Up to the time of Franklin's historic kite experiment the identity of the electricity developed by rubbing and by electric machines (frictional electricity), with lightning had not been generally established. Dr. Wall, Abbot Nollet, Hawkesbee, Gray and Winckler had indeed suggested the resemblance between the phenomena of "electricity" and "lightning," Gray having intimated that they only differed in degree. It was doubtless Franklin, however, who first proposed tests to determine the sameness of the phenomena. In a letter to Peter Comlinson, London, 19 Oct. 1752. Franklin, referring to his kite experiment, wrote, "At this key the phial (Leyden jar) may be charged; and from the electric fire thus obtained spirits may be kindled, and all the other electric experiments be formed which are usually done by the help of a rubbed glass globe or tube, and thereby the sameness of the electric matter with that of lightning be completely demonstrated. Dalibard, at Marley, near Paris, on 10 May 1742, by means of a vertical iron rod 40 feet long, obtained results corresponding to those recorded by Franklin and somewhat prior to the date of Franklin's experiment. Franklin's important demonstration of the sameness of frictional electricity and lightning doubtless added zest to the efforts of the many experimenters in this field in the last half of the 18th century, to advance 'the progress of the science.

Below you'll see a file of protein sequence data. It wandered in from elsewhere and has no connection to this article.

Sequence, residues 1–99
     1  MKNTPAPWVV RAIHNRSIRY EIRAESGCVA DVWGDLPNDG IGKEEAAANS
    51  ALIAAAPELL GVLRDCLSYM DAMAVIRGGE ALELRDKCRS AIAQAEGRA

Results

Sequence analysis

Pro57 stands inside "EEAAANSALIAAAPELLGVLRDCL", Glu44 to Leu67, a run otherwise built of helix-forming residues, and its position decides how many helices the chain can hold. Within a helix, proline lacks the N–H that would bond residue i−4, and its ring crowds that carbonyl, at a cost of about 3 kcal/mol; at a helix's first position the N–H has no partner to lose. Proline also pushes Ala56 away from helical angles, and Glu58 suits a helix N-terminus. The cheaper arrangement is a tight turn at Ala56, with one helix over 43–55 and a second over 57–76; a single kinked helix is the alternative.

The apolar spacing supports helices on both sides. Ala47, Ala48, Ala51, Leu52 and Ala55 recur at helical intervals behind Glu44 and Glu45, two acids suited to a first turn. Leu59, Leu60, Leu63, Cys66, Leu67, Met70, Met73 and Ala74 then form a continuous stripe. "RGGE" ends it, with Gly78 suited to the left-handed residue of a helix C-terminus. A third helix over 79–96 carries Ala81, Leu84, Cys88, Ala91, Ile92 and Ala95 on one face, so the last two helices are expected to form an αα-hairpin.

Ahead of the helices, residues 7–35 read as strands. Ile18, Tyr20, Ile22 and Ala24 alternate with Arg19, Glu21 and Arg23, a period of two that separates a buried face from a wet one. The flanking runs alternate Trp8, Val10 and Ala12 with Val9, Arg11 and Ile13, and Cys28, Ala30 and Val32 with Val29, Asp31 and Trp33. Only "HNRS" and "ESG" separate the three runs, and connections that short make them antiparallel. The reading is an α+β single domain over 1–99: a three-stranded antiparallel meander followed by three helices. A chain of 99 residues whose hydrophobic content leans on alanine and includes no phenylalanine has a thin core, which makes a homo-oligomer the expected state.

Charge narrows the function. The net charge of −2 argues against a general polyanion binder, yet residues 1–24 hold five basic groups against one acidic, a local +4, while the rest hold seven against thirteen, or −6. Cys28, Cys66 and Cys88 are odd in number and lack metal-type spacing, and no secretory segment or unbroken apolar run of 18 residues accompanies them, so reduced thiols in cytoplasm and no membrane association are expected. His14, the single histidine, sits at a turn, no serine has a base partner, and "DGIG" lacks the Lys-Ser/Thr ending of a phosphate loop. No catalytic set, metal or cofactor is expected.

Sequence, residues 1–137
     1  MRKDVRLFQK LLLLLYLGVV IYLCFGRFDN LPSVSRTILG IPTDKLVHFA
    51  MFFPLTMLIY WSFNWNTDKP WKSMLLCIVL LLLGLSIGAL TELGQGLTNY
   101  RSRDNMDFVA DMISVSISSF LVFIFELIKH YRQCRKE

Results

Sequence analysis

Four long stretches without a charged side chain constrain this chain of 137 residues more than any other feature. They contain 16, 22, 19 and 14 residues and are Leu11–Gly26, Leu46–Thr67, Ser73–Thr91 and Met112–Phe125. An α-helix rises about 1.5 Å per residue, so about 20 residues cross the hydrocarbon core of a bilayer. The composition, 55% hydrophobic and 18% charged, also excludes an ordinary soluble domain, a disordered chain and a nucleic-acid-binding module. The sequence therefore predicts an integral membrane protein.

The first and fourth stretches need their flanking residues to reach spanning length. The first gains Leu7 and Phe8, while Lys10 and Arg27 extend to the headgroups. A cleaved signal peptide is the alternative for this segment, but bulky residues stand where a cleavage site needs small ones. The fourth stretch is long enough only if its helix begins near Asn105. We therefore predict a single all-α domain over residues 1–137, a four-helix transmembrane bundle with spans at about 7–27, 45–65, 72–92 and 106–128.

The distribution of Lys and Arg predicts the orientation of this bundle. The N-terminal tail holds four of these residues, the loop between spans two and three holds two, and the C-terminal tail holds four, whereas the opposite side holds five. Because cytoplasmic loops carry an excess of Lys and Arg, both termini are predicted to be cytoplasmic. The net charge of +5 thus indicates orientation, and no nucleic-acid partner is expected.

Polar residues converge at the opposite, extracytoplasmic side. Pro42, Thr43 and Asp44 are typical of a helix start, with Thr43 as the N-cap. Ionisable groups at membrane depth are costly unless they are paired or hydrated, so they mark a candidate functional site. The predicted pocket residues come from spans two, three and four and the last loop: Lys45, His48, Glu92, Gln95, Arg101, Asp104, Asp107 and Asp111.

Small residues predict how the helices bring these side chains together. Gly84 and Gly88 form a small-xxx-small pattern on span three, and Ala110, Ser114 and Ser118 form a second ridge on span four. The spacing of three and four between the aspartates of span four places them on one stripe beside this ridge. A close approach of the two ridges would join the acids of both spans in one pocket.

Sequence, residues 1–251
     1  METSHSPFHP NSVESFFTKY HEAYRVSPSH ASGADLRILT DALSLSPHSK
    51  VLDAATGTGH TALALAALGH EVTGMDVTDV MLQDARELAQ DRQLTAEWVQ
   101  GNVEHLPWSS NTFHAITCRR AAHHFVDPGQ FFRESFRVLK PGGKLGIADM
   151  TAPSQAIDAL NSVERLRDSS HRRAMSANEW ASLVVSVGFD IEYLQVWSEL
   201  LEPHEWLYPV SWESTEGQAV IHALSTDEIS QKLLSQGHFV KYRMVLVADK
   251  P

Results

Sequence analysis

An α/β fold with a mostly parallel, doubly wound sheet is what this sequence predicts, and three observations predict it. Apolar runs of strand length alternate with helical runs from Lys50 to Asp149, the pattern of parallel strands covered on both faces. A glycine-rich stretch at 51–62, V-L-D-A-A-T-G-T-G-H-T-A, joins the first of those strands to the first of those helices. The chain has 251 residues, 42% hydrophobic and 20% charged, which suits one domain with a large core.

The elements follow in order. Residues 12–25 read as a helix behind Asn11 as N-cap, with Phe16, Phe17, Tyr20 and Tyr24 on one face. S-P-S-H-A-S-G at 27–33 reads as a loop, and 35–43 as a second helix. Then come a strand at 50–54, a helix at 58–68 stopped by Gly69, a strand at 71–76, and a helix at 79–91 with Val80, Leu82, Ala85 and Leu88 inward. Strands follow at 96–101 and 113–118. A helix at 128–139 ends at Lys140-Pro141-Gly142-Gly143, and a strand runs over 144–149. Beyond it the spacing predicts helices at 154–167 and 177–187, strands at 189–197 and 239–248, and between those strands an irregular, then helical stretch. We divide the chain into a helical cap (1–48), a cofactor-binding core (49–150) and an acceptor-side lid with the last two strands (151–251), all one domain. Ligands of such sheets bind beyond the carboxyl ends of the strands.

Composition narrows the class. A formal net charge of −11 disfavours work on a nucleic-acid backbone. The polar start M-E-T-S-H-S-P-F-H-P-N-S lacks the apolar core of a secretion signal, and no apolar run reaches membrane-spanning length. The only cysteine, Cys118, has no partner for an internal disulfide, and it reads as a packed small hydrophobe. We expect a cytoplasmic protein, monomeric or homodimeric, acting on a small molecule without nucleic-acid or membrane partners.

Franklin's observations aided later scientists such as Michael Faraday, Luigi Galvani, Alessandro Volta, André-Marie Ampère, and Georg Simon Ohm whose work provided the basis for modern electrical technology. The work of Faraday, Volta, Ampere, and Ohm is honored by society, in that fundamental units of electrical measurement are named after them. Others would also advance the field of knowledge including those workers Watson, Boze, Smeaton, Le Monnicr, De Romas, Jallabert, Beccaria, Cavallo, John Canton, Robert Symmer, Nollet, Winckler, Richman, Dr. Wilson, Kinnersley, Priestley, Aepinus, Délavai, Cavendish, Coulomb, Volta and Galvani. A description of many of the experiments and discoveries of these early workers in the fields of electrical science and art will be found in the scientific publications of the time; notably the 'Philosophical Transactions,1 Philosophical Magazine, Cambridge Mathematical Journal, Young's 'Natural Philosophy,' Priestley's 'History of Electricity,' ' Franklin's 'Experiments and Observations on Electricity,' Cavalli's 'Treatise on Electricity,' De la Rive's 'Treatise on Electricity.' Among the more important of the electrical experiments and researches at this period were those of Francis Aepinus, a noted German scholar (1724-1802) and Henry Cavendish of London, England.